[amsat-bb] Clint's World - And an Apology to ND9M

Clint Bradford clintbradford at mac.com
Fri Oct 15 21:08:28 PDT 2010

So I am up here in San Ramon, California, after driving 400 pleasant miles to demo AO-51 and SO-50 and give my "Work the Birds" presentation tomorrow morning. As I arrive, posted all over the place are 2x3-foot signs of my little Word doc showing the three passes' times I intend to work. Wow - PACIFICON put my little easel and 11x14-inch blurb to shame ... their posters are ALL OVER the place!

So we meet outside and discuss AMSAT and the FM birds, and then work the 4:56PM PDT pass of AO-51.

With 2W TX output, we start working stations. Las Vegas. Portland, Oregon. Our own CM97 grid square. A couple other units. Then in comes a BOOMING-ing clear Jim, ND9M from Montana.

I pride myself in being able to "read" my audiences. I truly have \never given the exact same presentation twice - and I've given 34 presentations the past 12 months - plus additional "just demos." So this group of 30+ hams are out in the parking lot with me, and I can tell that (a) few knew that this could be accomplished with just what I was holding in one hand, and (b) fewer realized the potential range of the pass. I mean, the footprints shown in almost all the software programs I have used are darned near ALWAYS quite conservative with what they indicate. I had told the group beforehand that we might work as far East as Arizona ... So when Vegas came in, they were impressed When Portland, Oregon was worked, they were MORE impressed. And when Montana's Jim came booming in I stated on the air, eyeing the crowd: "Wow, this cannot possibly work THAT far! You sound GREAT!"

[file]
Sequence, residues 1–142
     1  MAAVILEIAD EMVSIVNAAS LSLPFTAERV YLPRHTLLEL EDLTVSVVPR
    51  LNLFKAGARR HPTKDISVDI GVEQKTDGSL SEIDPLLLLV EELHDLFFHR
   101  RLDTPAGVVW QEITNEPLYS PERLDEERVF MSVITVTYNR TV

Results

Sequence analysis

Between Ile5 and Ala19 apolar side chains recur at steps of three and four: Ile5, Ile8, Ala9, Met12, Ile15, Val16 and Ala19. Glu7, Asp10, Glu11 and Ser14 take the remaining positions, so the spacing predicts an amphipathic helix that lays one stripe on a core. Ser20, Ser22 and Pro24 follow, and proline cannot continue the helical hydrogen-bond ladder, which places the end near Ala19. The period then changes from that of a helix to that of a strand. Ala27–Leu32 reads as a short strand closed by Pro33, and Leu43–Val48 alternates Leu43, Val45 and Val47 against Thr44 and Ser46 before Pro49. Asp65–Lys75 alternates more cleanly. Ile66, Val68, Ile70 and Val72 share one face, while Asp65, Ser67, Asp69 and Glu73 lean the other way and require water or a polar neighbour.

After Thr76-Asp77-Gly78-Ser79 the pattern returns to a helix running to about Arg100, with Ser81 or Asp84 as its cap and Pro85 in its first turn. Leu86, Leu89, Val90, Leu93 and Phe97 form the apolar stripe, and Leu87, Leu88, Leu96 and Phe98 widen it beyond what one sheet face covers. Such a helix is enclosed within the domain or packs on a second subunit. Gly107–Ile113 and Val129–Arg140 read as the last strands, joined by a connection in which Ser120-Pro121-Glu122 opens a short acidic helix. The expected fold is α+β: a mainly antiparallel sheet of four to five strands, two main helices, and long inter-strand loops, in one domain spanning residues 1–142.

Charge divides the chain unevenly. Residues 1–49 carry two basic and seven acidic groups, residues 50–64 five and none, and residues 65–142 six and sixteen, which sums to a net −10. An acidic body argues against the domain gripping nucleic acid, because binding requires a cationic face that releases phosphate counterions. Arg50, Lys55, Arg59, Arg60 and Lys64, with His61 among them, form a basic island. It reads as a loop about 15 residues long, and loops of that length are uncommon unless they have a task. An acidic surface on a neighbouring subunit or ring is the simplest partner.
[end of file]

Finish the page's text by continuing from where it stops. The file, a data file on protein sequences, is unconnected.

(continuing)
Welcome to Clint's world. Wasn't a frenzy. Wasn't manipulation of my crowd. (Well, yes it was, in a manner of speaking.) Just a pleasing "first-time" experience for most in attendance.

Jim emailed me privately immediately after the pass, wondering (VERY politely) what the he** I was doing, stating on the air that what we accomplished in our communications was  anything particularly extraordinary. And Jim is entirely correct: Much further distance comms are accomplished all the time with similar passes.

ANYWAY, I apologize to Jim via a quickly-written-while-in-the-hotel's-restaurant email. I am writing this because Jim deserves a better explanation. If he were here and saw what was occurring with this group, I sincerely believe he'd be smiling and be appreciative of the attentive audience and how I "worked the crowd" as we hit not-so-close stations with minimal equipment.

I can certainly see how someone might misinterpret my intentions. I *thought* there was enough "fake surprise" in my voice to make it clear that even after working so many passes, this can be an extremely exciting aspect of our hobby.

Thank you, Jim, for your polite letter. Thanks to the rest of you for your support these past five or six years.

Clint Bradford, K6LCS
909-241-7666 - cell

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